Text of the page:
Augmenting BPM with Social Software
Rainer Schmidt and Selmin Nurcan have co-authored a nice paper that succinctly explains some key social software principles and their application to BPM. Their view is that social software and business processes can have a unique relationship where processes may apply social technologies to enhance process stakeholder interaction and/or support process design and implementation. Both of these extensions to traditional BPM address some existing stakeholder engagement and process model adoption issues.
Four enabling factors of social technology are presented in support of the emerging “social” BPM approach with reference to various sociology and marketing texts. These principles as debated at various workshops and BPM conferences have been defined as:
1. Weak Ties – “spontaneously created connections between non-predetermined individuals”. Leading to improved organisational agility due to enhanced knowledge exchange within and outside established network boundaries.
2. Egalitarianism – Crowd sourcing knowledge from all process stakeholders (internal & external) with all contributors having an equal say in the discussion.
3. Social Production – A rapid process improvement cycle driven by an open user-access policy established to support continuous knowledge aggregation & reuse.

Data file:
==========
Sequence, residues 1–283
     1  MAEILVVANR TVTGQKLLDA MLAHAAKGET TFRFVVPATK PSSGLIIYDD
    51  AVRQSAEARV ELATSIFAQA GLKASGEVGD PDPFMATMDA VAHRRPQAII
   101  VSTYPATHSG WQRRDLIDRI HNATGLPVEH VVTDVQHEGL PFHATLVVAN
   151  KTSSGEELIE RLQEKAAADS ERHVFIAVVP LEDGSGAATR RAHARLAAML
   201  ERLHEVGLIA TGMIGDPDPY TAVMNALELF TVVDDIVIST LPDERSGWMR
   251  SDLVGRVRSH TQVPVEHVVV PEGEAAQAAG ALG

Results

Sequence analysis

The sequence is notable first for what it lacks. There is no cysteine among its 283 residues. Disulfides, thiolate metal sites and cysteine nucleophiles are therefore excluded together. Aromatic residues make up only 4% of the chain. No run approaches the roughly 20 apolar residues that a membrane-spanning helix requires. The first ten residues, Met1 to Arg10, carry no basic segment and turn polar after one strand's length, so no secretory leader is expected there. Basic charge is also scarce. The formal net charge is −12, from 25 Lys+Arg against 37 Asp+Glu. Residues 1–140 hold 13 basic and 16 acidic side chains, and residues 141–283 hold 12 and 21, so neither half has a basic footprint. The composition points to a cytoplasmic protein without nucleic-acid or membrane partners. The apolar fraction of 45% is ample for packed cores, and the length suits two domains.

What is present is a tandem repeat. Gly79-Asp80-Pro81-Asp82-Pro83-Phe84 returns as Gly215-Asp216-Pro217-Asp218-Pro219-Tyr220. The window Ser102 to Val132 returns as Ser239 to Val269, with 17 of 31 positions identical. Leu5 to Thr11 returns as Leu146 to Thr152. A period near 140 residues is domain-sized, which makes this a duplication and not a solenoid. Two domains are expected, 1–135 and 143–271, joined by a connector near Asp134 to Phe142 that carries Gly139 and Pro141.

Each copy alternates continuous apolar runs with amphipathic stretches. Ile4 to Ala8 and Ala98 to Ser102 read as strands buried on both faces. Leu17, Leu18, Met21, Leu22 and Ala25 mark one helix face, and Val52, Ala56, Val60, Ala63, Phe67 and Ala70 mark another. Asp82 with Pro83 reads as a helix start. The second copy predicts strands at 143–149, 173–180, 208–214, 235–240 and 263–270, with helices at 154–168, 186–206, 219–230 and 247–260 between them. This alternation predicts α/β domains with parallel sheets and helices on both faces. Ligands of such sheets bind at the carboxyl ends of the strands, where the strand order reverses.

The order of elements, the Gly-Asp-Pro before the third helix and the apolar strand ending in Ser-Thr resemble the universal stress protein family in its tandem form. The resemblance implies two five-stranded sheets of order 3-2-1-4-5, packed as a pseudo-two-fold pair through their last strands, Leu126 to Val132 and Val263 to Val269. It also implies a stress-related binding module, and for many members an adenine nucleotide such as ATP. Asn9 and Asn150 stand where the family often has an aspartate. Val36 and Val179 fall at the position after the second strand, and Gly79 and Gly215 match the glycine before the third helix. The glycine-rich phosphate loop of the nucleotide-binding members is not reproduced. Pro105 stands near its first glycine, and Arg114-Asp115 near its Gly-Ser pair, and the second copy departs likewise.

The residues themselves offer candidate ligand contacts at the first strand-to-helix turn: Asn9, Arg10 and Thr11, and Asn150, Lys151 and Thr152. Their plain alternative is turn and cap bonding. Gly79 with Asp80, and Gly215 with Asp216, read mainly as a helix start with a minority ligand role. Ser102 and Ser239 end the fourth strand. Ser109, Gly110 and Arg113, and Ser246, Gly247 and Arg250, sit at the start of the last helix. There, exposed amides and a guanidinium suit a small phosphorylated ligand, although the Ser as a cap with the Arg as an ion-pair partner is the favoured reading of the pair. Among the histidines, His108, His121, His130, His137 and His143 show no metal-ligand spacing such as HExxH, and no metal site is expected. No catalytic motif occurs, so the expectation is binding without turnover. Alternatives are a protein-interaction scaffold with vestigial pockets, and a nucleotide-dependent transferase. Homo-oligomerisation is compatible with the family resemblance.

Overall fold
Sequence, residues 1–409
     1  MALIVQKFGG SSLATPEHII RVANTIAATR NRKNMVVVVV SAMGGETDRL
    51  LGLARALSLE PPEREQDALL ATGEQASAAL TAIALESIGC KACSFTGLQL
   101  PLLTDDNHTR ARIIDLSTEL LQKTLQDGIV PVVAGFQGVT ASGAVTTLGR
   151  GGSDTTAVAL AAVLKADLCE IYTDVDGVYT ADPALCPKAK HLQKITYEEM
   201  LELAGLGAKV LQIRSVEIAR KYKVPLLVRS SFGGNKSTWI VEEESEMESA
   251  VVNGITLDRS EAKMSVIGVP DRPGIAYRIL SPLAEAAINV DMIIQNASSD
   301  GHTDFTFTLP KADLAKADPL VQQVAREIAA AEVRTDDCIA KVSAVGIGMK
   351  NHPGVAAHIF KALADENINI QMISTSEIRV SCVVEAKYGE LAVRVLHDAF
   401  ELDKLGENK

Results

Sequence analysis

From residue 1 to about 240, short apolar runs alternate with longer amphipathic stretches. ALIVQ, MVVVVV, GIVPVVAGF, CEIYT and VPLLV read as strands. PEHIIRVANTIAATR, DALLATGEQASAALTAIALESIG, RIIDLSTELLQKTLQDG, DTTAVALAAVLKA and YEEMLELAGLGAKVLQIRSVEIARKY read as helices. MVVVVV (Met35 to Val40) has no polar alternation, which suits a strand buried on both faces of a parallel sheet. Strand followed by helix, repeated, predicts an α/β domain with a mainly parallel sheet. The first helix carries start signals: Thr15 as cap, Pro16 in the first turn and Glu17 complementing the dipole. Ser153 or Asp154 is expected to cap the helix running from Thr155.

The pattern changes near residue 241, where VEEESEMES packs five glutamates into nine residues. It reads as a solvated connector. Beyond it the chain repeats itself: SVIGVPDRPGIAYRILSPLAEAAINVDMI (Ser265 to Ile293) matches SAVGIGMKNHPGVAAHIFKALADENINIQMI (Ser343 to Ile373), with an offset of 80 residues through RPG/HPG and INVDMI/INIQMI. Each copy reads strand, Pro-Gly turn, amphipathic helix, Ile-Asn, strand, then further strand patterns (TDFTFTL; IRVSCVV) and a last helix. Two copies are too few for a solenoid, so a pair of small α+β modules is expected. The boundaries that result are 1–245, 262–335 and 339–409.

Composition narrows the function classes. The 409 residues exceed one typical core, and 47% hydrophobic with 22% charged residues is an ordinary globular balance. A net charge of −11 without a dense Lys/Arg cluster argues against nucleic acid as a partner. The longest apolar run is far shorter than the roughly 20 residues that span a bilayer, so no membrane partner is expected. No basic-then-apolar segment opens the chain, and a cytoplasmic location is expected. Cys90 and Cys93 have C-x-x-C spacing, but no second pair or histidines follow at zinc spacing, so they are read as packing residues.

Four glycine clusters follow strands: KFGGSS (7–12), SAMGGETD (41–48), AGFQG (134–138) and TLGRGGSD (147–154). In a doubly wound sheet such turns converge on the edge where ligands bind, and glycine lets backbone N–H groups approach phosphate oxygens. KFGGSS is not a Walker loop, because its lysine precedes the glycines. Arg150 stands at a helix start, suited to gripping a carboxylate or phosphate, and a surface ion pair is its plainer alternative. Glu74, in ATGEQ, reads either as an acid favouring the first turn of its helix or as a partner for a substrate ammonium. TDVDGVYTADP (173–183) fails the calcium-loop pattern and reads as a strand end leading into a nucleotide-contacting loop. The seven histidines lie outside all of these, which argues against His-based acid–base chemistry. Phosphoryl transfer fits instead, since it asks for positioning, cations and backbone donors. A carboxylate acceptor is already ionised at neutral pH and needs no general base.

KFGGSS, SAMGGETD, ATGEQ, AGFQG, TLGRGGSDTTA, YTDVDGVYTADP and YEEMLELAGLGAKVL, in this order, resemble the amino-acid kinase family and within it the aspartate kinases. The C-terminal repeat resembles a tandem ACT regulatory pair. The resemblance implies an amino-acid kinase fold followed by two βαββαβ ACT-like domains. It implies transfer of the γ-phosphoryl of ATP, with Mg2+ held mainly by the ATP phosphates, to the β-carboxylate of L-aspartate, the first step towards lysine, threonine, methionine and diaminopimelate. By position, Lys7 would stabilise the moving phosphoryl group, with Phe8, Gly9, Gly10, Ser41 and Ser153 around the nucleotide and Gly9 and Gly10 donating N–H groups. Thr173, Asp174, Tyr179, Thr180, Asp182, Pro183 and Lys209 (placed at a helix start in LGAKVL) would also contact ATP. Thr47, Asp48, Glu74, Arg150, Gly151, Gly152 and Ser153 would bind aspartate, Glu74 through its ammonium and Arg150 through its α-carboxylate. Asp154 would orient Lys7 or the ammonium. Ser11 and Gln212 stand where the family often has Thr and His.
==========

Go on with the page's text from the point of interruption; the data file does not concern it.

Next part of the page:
4. Service-Dominant Logic – Adoption of a service-oriented approach to marketing where the process Customer is a co-creator of value.
They go further to draw the alignment between social software and business processes i.e. process may use social software to improve stakeholder interaction and/or processes may be the object of social software. This means that the traditional practice of BPM (modelling, requirements analysis etc) utilises social technology to address for example the model-reality divide between process model design and implementation. In their view, the key benefits of social BPM will be the continuous fusioning of process knowledge; process improvement agility; identification of hidden knowledge contributors and the broadening this knowledge base.
Rainer and Selmin raise some valid points on the benefits of social BPM not least of which is how this approach can address the model-reality divide….but just how successful is this in practice and can these benefits be measured?